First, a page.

The risk that China will use military force against Taiwan will increase in the next few years, with China President Xi Jinping determined “to ensure his country has the capability to undertake such an action should he decide to move in that direction,” CIA Director William Burns said.
Burns, who spoke Wednesday at the Aspen Security Forum in Colorado, said Chinese leadership is “trying to study the lessons of Russia’s invasion of Ukraine, and what it tells them. I think our sense is that it probably affects less the question of whether the Chinese leadership might choose some years down the road to use force to control Taiwan but how and when.”
In recent years, China has ratcheted up its military threats against the democratic, self-ruled Taiwan, The Guardian reported. China considers Taiwan a part of its territory.
Burns downplayed the potential that China could move militarily on Taiwan following a key Communist Party meeting later this year, according to The Guardian.
Russia’s now five-month-long invasion of Ukraine, which he called a “strategic failure,” has “unsettled” Chinese leadership.
Since Russia’s invasion began in late February, Putin has become an international pariah. He recently embarked on a mission to shore up what friendships he has left, mainly those countries with fellow authoritarian regimes. He visited Iran and, in a meeting with Turkish President Recep Tayyip Erdogan, had to wait for fifty seconds, awkwardly fidgeting in front of the cameras, before his counterpart finally walked in.
Burns added that China likely learned from Russia’s invasion of Ukraine that “you don’t achieve quick, decisive victories with underwhelming force.”
“I suspect the lesson that the Chinese leadership and military are drawing is that you’ve got to amass overwhelming force if you’re going to contemplate that in the future,” he said.
China Takes Lessons From Russia’s War on Ukraine
China, he added, also looked to the war in Ukraine as a reminder to “control the information space” and “do everything you can to shore up your economy against the potential for sanctions.”
Last October, it was reported that roughly 24 United States troops had been stationed on Taiwan since the start of 2021. Their presence was announced by officials after renewed tensions between the nations came to the fore when China flew roughly 150 military aircraft over Taiwan. Taiwan hinted at an alliance with the U.S. after selling the country billions of dollars of military hardware in the recent past.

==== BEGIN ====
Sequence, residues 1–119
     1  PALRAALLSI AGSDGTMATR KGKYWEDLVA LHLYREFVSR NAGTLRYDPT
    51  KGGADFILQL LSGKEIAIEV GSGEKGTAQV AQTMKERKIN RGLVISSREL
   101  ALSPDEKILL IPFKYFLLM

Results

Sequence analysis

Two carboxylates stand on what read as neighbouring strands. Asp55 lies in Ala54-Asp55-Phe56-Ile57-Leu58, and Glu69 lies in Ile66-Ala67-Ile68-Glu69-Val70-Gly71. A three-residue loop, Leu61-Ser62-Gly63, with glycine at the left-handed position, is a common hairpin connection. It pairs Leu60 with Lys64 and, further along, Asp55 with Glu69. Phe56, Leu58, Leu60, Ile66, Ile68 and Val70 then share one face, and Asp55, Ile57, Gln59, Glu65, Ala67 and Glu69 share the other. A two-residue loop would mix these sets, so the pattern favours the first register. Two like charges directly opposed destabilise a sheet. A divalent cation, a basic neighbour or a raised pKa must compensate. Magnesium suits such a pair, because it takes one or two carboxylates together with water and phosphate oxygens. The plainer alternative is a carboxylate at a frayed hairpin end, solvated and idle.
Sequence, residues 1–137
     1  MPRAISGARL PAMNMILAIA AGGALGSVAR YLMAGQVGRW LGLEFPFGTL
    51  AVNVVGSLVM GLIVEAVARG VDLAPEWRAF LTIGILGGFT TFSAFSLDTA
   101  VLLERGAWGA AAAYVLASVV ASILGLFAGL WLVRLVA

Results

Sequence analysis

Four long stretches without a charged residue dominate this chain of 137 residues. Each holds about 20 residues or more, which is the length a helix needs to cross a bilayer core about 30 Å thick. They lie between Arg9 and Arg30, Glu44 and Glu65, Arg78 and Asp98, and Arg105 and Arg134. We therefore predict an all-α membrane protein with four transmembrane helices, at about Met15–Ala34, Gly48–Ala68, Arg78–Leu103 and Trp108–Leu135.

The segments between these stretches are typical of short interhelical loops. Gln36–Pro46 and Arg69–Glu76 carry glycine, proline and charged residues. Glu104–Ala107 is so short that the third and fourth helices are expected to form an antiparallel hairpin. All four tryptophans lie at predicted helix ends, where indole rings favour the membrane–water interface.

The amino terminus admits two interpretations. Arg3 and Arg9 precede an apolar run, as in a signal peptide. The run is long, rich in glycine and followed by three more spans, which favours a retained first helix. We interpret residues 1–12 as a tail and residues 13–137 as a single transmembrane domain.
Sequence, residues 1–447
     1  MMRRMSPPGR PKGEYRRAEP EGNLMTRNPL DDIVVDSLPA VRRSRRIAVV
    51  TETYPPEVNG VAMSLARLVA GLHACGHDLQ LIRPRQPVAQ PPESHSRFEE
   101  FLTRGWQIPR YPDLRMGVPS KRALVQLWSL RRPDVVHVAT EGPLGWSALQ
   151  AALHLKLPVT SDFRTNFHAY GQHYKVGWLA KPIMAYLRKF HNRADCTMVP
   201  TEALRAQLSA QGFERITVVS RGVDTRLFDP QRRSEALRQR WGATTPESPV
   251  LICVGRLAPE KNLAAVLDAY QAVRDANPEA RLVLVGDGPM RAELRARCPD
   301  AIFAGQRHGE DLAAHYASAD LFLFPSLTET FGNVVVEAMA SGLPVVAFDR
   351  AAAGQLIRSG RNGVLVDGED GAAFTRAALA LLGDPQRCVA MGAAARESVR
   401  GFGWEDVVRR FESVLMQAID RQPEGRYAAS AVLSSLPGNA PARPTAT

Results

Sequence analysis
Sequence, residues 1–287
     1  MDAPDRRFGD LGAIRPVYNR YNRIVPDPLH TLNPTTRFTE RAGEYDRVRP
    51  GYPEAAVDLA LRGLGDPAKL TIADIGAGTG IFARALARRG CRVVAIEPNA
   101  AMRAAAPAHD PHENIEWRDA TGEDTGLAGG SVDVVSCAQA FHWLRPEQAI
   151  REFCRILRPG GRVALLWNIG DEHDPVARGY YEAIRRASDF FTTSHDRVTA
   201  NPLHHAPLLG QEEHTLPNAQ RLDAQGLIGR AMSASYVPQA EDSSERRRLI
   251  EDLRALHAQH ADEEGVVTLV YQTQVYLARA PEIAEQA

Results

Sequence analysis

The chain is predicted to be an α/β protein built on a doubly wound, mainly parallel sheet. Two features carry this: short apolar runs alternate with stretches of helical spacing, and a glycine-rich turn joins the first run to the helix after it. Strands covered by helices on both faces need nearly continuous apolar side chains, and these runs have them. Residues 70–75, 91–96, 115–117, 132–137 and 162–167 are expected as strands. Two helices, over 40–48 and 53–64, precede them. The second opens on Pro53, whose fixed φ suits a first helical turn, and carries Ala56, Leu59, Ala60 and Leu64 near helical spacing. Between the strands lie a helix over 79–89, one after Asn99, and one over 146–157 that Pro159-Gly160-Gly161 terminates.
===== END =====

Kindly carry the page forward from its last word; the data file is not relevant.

Putin and Xi met just weeks before Russia invaded Ukraine, announcing their unification against the United States on the issue of Ukraine. In the leadup to the invasion, Putin made several demands from NATO. The Russian leader asked for NATO to stop its expansion and refuse Ukraine membership.
Xi backed Putin in their meeting while Russia stood by Xi’s position on Taiwan being part of China. Speaking on Wednesday, the CIA director also said he didn’t believe China was providing military support to Russia in its war against Ukraine.
On a related note, US President Joe Biden relayed military officials’ belief that it was “not a good idea” for House of Representatives Speaker Nancy Pelosi to visit Taiwan given the increased tension. That came after China’s Foreign Ministry said the country would take “resolute and strong measures” if Pelosi went ahead with the trip to Taiwan in the coming weeks.
Pelosi would be the highest-ranking American lawmaker to visit Taiwan, a close ally of the US for the last 25 years. Pelosi appears to be going ahead with her plans for the trip to Taipei as scheduled for next month.